If you’ve been out to eat or drink during the past few years, you’ve almost certainly taken part in a Fintech revolution. Take a seat, pull out your phone, browse the menu, pay – ping! – and your order magically appears.
Sina Yamani, the founder and CEO of Yoello, dreamt up his big idea - a mobile payment platform for the hospitality and retail market – before the pandemic. He had plenty of friends in hospitality, and he reckoned that he could develop a system to make their lives easier.
In 2019 he dropped out of Cardiff University, where he was studying computer science, to set up Yoello. In doing so, incidentally, he joined the ranks of college drop-outs who have done rather well in the tech world: Bill Gates, Mark Zuckerberg, Michael Dell, Larry Ellison, Paul Allen, Elon Musk and Jack Dorsey.
At the beginning, Yoello was just another plucky start-up with five employees. But when the pandemic struck, everything changed. Suddenly everyone was looking for a way to process food and drink orders safely, efficiently and easily. Yoello quickly became a lifesaver for the beleaguered hospitality industry.
Yoello’s key selling point is that you don’t need to download an app. You simply scan a QR code or tap in a URL, and your phone does the rest. Now thousands of businesses are trading through Yoello in the UK and around the world.
This has made life a lot easier for consumers. “Yoello solves the digital experience for customers,” says Yamani. “It’s so much more streamlined if you can move everything over onto mobile phones from cash and cards.”
There’s also a major benefit to businesses: Yoello vastly reduces costs by using banking legislation (PSD2) to cut out the middlemen. “Businesses are losing a lot of money through transaction fees in the settlement network that exists right now,” says Yamani. “We connect banks directly to move funds from account to account, rather than going through the existing card schemes that cost businesses a fortune.”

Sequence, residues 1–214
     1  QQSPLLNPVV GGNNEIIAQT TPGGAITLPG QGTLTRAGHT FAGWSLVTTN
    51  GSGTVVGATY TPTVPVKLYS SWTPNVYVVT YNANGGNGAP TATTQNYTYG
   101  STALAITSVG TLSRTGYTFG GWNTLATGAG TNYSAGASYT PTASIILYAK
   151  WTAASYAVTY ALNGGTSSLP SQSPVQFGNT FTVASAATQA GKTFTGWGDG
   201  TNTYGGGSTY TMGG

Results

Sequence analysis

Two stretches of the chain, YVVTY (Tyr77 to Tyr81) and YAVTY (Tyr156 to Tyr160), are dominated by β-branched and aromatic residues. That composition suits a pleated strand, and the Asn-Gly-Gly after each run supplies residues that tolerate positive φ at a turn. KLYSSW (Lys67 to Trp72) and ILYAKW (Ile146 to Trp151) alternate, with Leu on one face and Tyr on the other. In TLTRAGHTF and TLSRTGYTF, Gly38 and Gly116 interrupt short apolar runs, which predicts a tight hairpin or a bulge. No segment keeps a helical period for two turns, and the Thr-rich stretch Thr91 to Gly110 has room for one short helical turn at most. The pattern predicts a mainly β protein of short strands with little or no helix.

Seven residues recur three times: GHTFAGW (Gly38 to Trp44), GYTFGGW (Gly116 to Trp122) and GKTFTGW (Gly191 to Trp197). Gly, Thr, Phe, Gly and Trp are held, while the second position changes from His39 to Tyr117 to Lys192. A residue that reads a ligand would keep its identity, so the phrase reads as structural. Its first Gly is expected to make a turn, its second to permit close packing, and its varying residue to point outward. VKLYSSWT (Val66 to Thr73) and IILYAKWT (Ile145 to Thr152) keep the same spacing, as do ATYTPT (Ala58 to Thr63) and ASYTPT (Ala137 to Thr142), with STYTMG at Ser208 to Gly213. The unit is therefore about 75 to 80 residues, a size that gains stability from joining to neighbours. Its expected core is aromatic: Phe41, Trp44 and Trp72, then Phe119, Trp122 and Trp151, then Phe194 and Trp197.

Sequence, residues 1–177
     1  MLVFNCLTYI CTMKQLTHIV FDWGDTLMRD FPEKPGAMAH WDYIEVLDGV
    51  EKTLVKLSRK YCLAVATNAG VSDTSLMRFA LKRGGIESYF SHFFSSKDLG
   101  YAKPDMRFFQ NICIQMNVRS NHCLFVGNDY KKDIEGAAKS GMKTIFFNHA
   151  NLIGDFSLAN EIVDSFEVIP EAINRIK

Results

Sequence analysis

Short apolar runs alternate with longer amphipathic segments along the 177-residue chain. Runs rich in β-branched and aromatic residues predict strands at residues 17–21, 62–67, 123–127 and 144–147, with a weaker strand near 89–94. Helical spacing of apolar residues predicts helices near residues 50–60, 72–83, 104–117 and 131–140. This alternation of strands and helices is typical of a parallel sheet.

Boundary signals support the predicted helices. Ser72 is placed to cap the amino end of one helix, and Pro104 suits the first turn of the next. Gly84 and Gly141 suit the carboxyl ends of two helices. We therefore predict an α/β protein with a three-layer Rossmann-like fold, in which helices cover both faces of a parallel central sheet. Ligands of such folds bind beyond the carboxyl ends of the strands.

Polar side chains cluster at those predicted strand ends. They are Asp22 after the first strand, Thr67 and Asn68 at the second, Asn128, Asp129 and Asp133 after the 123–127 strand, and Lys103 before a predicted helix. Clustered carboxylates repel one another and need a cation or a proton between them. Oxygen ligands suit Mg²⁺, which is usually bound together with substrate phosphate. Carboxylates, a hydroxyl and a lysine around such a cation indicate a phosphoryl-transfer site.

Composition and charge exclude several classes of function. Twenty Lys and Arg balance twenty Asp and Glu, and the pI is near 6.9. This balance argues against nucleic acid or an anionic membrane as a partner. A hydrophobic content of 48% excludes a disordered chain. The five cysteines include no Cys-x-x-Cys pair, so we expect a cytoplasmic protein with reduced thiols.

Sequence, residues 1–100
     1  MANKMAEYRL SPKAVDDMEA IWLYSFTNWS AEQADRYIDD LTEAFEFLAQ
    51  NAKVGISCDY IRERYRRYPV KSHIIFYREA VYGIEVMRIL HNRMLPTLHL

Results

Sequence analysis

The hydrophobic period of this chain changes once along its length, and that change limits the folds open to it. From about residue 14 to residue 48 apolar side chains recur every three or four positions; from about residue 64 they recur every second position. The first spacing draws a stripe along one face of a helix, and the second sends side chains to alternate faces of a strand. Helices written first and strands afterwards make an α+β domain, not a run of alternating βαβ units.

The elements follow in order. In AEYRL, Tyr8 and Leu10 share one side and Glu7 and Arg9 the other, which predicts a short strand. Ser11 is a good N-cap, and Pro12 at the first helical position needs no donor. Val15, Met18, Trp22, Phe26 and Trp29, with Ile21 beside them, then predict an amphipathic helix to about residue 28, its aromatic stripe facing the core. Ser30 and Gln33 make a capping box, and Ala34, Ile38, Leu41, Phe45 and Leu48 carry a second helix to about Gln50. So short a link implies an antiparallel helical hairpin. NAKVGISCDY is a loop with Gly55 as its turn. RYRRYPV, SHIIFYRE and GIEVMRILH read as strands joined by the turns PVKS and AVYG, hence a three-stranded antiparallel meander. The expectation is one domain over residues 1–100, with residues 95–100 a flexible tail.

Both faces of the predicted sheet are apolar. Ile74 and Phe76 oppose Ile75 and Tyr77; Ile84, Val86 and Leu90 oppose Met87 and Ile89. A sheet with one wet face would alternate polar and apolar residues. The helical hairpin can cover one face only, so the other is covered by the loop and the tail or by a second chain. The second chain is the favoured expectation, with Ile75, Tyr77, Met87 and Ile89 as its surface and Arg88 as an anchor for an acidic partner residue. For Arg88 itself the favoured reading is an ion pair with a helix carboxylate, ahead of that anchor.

Yoello is now one of the UK’s most promising Fintechs. It’s already won a hatful of awards, including Wales Start-Up of the Year in 2021. Its founder was also named the Young Entrepreneur of the Year.
“Yoello has grown very quickly,” says Yamani. “We’re up to 60 people right now and we’re aiming to double that in the next 12 months. We’re currently in seven different countries and aiming to be at 35 by the end of next year. There’s a very keen ambition to grow Fintech in Wales and we’re seeing that with all the help we’re receiving.”
He’s originally from Cheltenham, but now Sina Yamani’s roots are firmly planted in the fertile soil of Cardiff’s burgeoning Fintech community. “I don’t think that we’d have reached this position without the amazing community that there is here,” he says. “All the support from the Welsh Government, and all the different entrepreneurs - they’re all working together to build this community. The Fintech sector in Wales is unbelievable. Wales is massively undervalued. We’ve got an amazing ecosystem here that wants businesses to thrive – just without the London price tag!”
This ecosystem comes with the crucial backing of a strong academic base, which is supplying the next-generation skills needed in the sector, says Yamani: “We’ve done a few research projects with universities helping to come up with new solutions to combat some of the business challenges that we’ve got, and then in terms of some of the talent that’s coming out of these universities, the academia here is fantastic so recruiting here has been amazing.”
Yoello plugged a gaping gap in the market, but it has also helped to change the order-and-pay landscape for ever. Payment platforms are here to stay. Yoello are continuing to refine and improve their service. Soon they’ll be rolling out Yoello Pay, a central payment platform which uses open banking to make transactions more affordable.
Bright ideas, clever people, hard work, and a place to make things happen. That’s how revolutions begin.